Trainers Debunk 5 Myths About Core Training

Julia Malacoff
by Julia Malacoff
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Trainers Debunk 5 Myths About Core Training

From wanting a solid foundation for weightlifting to preventing injury and pain in everyday life, there are many good reasons to want a stronger core. But because so many people are interested in the idea of having a flatter stomach, there’s a good deal of misinformation and false promises about how to go about getting a strong, lean midsection.

Here, expert trainers debunk the biggest core-training myths they hear day-in and day-out.

“People are always asking me for exercises that burn belly fat and they often seem a bit confused when I suggest moves like lunges, clean and press or burpees,” explains Julia Buckley, a certified personal trainer. Instead, they’re imagining something more along the lines of bicycle crunches.

The truth: You can’t spot-reduce belly fat. Even if it feels like you’re burning belly fat when you do certain core exercises, that’s not what’s really happening. “When you do exercises like crunches and you get that burning sensation around your belly, it’s caused by lactic acid building up in the muscles — a chemical reaction that happens in the body when we train hard,” Buckley explains. “When the body uses fat to fuel exercise, it takes it from fat cells across the body, not only (or even predominantly) from the area you’re working.”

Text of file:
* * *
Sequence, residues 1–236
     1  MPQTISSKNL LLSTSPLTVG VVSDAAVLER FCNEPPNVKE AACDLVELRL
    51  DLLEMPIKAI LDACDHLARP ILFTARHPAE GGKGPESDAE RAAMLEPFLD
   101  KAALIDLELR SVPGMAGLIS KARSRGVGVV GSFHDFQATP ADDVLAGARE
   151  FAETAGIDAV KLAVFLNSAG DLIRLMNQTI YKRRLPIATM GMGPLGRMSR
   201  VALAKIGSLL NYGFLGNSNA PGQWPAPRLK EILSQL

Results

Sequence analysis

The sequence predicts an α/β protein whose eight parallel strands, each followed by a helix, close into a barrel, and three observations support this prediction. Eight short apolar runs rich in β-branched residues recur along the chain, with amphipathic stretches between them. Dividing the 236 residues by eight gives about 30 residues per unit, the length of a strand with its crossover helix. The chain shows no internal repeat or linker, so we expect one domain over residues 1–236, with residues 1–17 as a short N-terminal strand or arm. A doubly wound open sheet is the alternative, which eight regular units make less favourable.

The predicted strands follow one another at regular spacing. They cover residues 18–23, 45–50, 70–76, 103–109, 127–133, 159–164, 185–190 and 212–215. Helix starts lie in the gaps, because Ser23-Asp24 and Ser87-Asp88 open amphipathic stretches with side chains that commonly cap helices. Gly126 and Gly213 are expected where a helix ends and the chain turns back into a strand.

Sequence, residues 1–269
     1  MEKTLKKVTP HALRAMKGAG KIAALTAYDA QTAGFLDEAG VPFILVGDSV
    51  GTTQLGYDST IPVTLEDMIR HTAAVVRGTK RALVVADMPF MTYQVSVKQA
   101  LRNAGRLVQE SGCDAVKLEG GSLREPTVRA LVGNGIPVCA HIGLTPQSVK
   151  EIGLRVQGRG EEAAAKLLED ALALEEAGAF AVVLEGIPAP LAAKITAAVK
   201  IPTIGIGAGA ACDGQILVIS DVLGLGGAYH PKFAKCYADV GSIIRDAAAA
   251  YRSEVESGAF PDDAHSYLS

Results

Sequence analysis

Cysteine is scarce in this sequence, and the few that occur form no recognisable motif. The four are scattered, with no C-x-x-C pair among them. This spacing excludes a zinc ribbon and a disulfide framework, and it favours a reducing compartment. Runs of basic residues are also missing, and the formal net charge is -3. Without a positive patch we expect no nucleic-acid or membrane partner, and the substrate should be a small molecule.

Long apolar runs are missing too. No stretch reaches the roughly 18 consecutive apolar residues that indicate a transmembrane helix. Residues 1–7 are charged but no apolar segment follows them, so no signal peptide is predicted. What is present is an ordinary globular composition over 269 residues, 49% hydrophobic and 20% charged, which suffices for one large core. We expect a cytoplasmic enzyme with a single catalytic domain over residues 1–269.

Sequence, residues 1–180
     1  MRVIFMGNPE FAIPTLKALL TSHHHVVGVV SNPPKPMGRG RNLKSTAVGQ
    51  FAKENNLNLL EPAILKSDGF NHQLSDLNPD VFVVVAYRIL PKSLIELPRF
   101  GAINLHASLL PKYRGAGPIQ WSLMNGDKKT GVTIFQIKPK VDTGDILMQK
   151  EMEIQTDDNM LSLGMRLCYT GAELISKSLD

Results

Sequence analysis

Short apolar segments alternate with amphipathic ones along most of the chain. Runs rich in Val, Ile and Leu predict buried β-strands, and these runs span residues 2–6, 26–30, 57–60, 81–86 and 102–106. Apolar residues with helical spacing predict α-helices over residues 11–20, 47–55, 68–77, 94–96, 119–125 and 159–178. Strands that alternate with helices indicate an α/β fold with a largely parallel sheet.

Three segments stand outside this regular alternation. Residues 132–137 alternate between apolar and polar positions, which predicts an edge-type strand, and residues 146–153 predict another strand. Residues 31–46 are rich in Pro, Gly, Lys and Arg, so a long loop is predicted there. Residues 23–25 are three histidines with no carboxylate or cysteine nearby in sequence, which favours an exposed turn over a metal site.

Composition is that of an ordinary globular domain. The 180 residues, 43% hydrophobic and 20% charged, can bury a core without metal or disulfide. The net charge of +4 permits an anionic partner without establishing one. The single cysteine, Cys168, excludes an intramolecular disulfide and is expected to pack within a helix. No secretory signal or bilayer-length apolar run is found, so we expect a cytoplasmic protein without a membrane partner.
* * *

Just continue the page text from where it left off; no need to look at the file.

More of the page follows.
So what does that mean for the person who wants to lose belly fat (or fat from any other part of their body)? “Rather than doing lots of little crunches, it’s better to choose exercises that fire up lots of muscles across the whole body,” Buckley says. “Those are the moves that require the most energy to fuel, and therefore burn the most fat.”

Crunches are the first thing that comes to mind for many people when they think about core training. There’s just one problem with that: “Crunches are possibly the easiest ab exercise you can do, just like walking at a moderate pace is the easiest form of cardio you can do,” says Garrett Theriot, a certified strength and conditioning specialist and personal trainer. “Walking is good. But if your goal is to improve cardio, you would pick up the pace with a brisk jog or bike ride, right? Your abdominal muscles work the same way.”